Judge Against Spilling Secret Drew Peterson Murder Trial Email

The media is after secret email conversations between the judge and the attorneys involved in the Drew Peterson murder trial.

The judge in the Drew Peterson murder trial came up with reasons to deny the press and public from seeing email exchanges between him and the attorneys on the case.

Judge Edward Burmila shared his thoughts on keeping the email conversations secret during a brief hearing Tuesday morning.

At least three media outlets—including Patch—have requested the email traded between Burmila, Peterson's attorneys and prosecutors. The requests were made under the Illinois Freedom of Information Act.

Prior to Peterson's July murder trial, which ended in his conviction on Sept. 6, Judge Burmila instructed prosecutors and defense attorneys to hash out issues in the case via email. Burmila employed his email idea in hopes of speeding along the trial, which lasted more than a month.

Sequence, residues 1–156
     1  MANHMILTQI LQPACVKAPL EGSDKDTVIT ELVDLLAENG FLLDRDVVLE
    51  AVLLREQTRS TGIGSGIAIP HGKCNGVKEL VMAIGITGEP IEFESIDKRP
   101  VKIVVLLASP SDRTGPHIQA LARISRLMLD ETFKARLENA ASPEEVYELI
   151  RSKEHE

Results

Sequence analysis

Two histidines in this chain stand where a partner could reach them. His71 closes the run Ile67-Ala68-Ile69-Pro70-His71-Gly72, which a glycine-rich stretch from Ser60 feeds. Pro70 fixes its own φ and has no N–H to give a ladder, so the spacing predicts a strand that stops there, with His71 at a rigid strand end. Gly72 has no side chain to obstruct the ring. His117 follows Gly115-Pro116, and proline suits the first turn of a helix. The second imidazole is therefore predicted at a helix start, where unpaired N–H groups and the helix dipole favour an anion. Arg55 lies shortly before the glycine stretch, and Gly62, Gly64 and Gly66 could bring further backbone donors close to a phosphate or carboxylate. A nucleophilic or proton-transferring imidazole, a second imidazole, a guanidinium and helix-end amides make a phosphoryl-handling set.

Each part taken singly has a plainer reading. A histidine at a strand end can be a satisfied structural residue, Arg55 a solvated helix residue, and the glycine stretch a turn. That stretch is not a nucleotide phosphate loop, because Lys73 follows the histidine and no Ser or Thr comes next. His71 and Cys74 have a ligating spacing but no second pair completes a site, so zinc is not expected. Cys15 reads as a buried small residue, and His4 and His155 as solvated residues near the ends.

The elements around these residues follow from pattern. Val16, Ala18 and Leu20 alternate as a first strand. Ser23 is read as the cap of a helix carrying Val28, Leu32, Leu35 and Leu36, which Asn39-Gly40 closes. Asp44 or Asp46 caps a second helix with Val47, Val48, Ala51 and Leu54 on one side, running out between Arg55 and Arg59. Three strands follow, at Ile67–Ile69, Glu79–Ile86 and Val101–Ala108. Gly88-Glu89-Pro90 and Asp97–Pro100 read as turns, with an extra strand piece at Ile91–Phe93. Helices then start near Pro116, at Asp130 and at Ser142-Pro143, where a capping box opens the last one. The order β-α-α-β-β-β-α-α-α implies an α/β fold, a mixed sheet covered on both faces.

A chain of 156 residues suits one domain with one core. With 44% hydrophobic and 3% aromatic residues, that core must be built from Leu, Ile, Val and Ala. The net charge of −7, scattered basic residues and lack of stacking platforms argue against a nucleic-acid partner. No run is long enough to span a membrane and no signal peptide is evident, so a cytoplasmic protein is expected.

The requests were made to the Will County State's Attorney's Office. Assistant State's Attorney Marie Czech appealed to Burmila on Tuesday for clarifcation on whether to provide the email to the press or to deny the requests.

Off the bat, Burmila said "98 percent" of the conversations should be off limits since they discuss legal matters filed under seal by court order. Burmila did not say how much longer those documents will remain under seal now that the trial is over.

Burmila said other email cannot be seen by the public because the conversations reference the October 2007 disappearance of Peterson's fourth wife, Stacy Peterson.

Stacy Peterson remains missing and no one has been charged in connection with her disappearance. Burmila said the mystery surrounding Stacy's whereabouts is an "ongoing criminal investigation," and any email messages touching on the situation are confidential.

"So those are out," the judge said.

Peterson attorney Joel Brodsky—the only member of the convicted wife-killer's dwindling defense team to show up for the hearing—voiced his opposition to releasing the email.

After the hearing, Brodsky slipped out a back door. A courthouse source said Brodsky admitted he was fleeing because he did not want to have to answer to the media.

Peterson faces sentencing for the murder of his third wife, Kathleen Savio, on Nov. 26.


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